Sophisticated. That’s the first word that comes to mind when describing the healthcare industry. Providing an array of health services ranging from general health promotion, prevention (e.g., vaccines, cancer screenings), rehabilitation, to obstetrics, therapeutic interventions, and even emergency care, healthcare poses a unique challenge to marketers unlike any other industry.
However sophisticated, these services are vital to the well-being of our communities, and hospitals and health systems need marketing strategy and execution to help maintain an engaged, healthy population within these communities.
To design marketing strategies and deliver content programming that separates your hospital or health system from the growing crowd of providers and engages consumers in a way that guides them through their health journey, you likely need the help of a marketing agency. But every agency is different, with varying specialties, tools, and ultimately, results.
To achieve the positive results desired for your hospital, it’s necessary to understand the differences between a traditional advertising agency (that services healthcare clients) and a healthcare marketing agency.
Four Key Differences Between a Traditional Advertising Agency and a Healthcare Marketing agency.
- One is derived from competitor analysis; the other is derived from human understanding.
Healthcare marketing as a term and practice arose from the realization that conventional marketing techniques can be insufficient when it comes to the nuanced, personalized nature of health services and products often tailored to the specific needs of consumers. That doesn’t mean there isn’t a place for these strategies, such as brand awareness, lead generation, and sales techniques. They’re simply built from different ingredients.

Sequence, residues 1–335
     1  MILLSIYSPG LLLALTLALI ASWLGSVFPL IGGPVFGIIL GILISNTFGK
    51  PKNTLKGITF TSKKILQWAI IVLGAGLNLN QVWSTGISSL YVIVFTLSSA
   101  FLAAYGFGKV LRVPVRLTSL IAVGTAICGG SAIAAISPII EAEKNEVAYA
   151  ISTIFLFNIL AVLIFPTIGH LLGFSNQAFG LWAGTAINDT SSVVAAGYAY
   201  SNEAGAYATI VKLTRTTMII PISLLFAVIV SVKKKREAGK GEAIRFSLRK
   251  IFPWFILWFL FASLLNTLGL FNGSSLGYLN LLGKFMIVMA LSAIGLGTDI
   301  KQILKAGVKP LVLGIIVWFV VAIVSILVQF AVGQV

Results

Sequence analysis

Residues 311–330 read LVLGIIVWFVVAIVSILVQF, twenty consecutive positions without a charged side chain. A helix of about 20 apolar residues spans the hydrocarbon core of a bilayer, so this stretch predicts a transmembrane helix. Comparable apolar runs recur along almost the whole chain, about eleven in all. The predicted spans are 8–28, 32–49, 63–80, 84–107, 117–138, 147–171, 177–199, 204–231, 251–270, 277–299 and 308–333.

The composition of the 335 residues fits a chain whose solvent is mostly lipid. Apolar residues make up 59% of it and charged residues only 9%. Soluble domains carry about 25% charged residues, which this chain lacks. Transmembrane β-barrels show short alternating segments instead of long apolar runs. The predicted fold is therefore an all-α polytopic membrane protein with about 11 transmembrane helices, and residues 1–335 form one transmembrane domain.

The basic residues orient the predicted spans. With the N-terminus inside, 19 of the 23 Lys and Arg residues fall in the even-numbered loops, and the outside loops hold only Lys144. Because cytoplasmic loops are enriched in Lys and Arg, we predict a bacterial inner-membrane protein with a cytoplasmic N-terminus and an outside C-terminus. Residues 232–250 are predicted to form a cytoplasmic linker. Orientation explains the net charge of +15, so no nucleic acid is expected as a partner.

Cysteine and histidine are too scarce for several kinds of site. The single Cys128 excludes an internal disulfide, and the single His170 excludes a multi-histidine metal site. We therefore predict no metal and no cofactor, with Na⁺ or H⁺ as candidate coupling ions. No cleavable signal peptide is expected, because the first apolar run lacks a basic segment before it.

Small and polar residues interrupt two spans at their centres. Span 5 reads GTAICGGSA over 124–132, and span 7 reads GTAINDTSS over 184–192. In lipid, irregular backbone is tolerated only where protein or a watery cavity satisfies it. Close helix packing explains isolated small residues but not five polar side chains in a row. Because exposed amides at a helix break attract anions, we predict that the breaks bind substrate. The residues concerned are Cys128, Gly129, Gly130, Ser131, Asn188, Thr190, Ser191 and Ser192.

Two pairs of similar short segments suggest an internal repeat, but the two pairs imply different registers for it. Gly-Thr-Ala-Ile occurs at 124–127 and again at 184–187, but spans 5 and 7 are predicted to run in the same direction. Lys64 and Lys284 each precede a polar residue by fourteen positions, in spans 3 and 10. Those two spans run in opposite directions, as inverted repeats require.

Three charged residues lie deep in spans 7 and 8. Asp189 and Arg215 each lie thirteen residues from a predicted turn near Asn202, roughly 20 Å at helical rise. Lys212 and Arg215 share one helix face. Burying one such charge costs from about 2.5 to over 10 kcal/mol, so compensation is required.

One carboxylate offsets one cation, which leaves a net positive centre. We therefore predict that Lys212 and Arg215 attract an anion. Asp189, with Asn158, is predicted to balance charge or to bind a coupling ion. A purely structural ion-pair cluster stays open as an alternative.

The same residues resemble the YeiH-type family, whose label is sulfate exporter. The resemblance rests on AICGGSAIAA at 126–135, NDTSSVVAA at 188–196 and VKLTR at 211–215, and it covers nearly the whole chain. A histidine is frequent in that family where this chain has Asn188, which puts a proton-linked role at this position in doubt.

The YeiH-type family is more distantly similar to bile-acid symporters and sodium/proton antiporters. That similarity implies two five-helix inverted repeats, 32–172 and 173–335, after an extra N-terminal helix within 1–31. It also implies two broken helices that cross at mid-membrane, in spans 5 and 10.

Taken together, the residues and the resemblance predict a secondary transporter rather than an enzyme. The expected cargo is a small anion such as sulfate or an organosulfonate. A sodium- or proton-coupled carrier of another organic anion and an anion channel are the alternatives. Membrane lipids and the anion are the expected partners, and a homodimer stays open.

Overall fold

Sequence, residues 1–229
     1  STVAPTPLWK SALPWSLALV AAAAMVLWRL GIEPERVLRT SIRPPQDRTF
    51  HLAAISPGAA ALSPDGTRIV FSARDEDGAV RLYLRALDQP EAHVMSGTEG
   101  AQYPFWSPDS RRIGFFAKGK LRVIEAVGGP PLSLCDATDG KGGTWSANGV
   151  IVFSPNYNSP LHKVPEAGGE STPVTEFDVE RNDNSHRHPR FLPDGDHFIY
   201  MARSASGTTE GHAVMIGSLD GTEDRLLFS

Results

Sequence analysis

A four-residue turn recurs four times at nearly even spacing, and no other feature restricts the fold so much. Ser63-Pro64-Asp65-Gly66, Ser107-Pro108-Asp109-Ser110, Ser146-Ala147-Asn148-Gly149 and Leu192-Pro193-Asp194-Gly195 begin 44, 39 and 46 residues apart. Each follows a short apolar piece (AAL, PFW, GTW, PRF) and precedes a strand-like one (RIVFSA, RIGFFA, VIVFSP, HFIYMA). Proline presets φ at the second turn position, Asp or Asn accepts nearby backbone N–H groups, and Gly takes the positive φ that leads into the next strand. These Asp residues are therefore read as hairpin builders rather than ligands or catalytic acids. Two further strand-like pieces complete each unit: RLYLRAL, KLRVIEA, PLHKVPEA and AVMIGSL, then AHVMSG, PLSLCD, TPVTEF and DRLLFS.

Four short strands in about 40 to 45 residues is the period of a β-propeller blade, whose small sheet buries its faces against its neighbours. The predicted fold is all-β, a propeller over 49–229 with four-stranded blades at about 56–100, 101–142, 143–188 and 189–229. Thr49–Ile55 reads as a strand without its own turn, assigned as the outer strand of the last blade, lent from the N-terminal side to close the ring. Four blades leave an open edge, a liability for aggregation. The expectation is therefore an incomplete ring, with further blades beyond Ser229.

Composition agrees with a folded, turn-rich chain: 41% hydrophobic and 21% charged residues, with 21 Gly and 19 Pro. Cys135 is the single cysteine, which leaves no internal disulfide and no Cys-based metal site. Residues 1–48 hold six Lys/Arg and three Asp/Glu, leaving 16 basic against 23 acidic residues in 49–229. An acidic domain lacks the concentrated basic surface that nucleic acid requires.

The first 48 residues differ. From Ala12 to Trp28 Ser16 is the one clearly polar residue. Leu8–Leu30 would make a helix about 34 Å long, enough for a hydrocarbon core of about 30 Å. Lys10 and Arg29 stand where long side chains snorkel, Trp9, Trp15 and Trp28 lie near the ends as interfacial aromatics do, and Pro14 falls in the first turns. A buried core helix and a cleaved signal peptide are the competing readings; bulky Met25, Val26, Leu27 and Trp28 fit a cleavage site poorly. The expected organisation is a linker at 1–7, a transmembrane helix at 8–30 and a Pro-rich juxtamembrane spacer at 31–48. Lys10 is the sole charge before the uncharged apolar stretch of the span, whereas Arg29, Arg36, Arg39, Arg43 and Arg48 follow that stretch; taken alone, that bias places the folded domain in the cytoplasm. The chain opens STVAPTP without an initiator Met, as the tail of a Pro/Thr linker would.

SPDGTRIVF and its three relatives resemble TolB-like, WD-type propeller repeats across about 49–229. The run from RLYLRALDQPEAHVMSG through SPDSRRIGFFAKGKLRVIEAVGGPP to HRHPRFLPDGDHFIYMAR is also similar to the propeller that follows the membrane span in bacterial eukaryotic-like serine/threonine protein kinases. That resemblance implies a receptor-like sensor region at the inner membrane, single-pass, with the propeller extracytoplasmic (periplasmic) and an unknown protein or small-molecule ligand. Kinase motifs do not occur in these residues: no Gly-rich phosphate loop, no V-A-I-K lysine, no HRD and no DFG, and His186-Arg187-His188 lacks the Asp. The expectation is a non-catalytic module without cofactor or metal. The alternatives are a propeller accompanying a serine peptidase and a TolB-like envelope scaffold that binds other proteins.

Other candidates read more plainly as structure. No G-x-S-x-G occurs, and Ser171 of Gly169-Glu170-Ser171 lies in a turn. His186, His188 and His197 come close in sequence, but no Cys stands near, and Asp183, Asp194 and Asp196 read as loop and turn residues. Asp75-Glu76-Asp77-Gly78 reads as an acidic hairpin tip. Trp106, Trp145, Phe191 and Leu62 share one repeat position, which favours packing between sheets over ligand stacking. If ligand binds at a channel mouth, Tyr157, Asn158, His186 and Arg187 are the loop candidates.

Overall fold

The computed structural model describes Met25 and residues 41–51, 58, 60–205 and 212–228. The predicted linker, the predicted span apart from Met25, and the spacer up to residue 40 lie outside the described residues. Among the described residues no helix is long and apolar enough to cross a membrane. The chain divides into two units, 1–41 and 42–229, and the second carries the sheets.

Traditional advertising prioritizes competitor analysis, whereas healthcare marketing must come from consumer, or patient, understanding. Knowing your stakeholders is one way to promote commercial products, but it is the only way to promote health products or services such as a medical procedure that only applies to a small segment of your population. Analyzing purchasing behaviors is quite different than health behaviors, and healthcare marketers are much more attuned to the health journeys of patients and the complexity of the services needed or that could be needed in their future.
2. One is more concerned with creative execution; the other is focused on nurturing patient competency and well-being.
There’s two ways to grab someone’s attention. Content so outrageous, or different, than your competitors. Or content that gives consumers exactly what they’re looking for. In healthcare, the latter is more important—it’s the only way to increase competency and ultimately positive health outcomes. The new challenge facing hospitals and health systems across the country is knowing the communities they serve, even so far as designing community outreach programs. Traditional marketing strategies simply aren’t robust enough to tackle this challenge by themselves.